On and off snow showers throughout the day made it questionable whether or not it would be possible to photograph Split Rock Lighthouse on this January evening. The January Full moon is the only night of the year when it’s possible to photograph the lighthouse and moon together from this particular angle. I decided to take my chances and make the one-hour drive to the lighthouse and hope that the sky would clear and the moon would be visible.
As it turned out, it was a beautiful evening on the ice-covered shores of Lake Superior, and the +5F temperature made it quit pleasant. I was able to enjoy a nice chat with a few other photographers who had already arrived and we all scratched our heads, trying to figure out where exactly the moon would come up.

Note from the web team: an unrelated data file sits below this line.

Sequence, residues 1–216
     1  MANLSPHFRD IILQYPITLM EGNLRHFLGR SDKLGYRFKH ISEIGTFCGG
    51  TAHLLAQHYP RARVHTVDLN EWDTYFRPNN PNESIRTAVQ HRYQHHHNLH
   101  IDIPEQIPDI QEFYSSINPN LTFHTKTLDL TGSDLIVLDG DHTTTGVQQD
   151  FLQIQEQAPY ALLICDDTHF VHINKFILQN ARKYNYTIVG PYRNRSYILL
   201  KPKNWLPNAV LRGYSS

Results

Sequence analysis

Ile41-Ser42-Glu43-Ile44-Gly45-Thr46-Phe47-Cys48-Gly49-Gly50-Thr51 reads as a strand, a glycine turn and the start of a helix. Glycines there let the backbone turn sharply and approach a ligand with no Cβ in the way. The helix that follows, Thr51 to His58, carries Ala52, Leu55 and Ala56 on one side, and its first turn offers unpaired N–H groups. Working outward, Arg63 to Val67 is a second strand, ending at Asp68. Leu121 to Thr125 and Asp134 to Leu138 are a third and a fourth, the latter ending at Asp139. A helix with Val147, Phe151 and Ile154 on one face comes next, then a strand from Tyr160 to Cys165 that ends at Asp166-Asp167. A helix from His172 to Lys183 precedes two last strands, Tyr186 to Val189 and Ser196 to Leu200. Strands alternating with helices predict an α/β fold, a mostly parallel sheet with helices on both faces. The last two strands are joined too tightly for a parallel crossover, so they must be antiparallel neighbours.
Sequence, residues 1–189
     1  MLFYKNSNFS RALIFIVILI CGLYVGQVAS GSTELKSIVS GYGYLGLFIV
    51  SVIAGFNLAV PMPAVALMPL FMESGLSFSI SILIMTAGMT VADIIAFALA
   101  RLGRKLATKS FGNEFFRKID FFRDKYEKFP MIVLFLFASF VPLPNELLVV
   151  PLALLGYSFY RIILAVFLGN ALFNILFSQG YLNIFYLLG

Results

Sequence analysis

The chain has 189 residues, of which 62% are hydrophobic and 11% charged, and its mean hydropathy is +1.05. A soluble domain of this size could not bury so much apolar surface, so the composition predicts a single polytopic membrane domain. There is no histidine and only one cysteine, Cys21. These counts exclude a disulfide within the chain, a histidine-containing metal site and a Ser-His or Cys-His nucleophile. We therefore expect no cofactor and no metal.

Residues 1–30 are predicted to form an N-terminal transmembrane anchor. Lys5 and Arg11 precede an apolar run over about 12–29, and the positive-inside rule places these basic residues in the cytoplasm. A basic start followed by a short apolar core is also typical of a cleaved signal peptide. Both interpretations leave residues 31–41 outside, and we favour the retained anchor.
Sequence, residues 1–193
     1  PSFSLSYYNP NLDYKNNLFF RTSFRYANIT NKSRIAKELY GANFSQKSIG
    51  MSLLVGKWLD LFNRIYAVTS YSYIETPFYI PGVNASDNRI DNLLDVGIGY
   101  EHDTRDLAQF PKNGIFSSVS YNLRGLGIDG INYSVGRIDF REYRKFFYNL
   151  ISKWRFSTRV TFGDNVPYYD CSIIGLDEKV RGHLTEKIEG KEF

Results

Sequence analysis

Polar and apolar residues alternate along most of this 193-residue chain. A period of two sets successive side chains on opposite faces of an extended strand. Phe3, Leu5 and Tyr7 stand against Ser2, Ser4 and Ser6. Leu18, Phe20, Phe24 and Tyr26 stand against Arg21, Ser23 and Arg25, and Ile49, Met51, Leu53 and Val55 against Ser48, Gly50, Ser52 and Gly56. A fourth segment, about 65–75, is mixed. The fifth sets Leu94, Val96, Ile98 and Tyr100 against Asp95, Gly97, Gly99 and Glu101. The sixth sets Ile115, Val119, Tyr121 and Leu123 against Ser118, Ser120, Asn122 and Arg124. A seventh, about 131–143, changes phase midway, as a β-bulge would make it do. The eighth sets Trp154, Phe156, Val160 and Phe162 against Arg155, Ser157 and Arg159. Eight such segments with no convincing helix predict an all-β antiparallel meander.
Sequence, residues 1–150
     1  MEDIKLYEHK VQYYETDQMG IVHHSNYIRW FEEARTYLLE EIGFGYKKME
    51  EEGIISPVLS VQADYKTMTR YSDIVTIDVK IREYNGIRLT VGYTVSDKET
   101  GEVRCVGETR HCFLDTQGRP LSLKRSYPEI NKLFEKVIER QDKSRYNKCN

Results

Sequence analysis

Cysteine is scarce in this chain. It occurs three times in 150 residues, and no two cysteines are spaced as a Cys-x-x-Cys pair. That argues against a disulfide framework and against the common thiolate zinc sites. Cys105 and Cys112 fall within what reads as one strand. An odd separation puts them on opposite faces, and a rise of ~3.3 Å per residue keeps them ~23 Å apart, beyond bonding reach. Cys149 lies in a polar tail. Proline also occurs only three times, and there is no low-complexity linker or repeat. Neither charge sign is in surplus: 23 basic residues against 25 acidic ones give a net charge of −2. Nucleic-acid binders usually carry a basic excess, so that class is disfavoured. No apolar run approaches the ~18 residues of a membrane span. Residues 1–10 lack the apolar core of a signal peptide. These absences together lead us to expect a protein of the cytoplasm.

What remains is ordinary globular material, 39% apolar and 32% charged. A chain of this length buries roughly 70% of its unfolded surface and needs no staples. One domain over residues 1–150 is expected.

It wasn't long before the first glow of the moon popped through the scattered clouds, and everyone adjusted their tripods and lenses to capture a most incredible and relatively rare sight.
I fiddled with my camera controls making adjustments for the changing light, and took a dozen pictures while the moon transited through the horizon. It was an unforgettable sight, and one I hope you enjoy.
On the drive home, I though about the history of this wonderful lighthouse which has stood sentinel atop the 160 foot cliff for nearly 100 years. I though about the old light keepers who hauled supplies from the lake up the steep cliff and faithfully tended to the beacon, in good weather and bad. They must have watched the January full moon rise with the same awe that we do today.
Split Rock has withstood the elements for so long because of its solid rock foundation. Rocks have always represented the strength and power of our creator God, and that is why his creation reveals his attributes in such magnificent ways.
The LORD is my rock, my fortress, and my savior; my God is my rock, in whom I find protection. He is my shield, the power that saves me, and my place of safety. Psa 18:2
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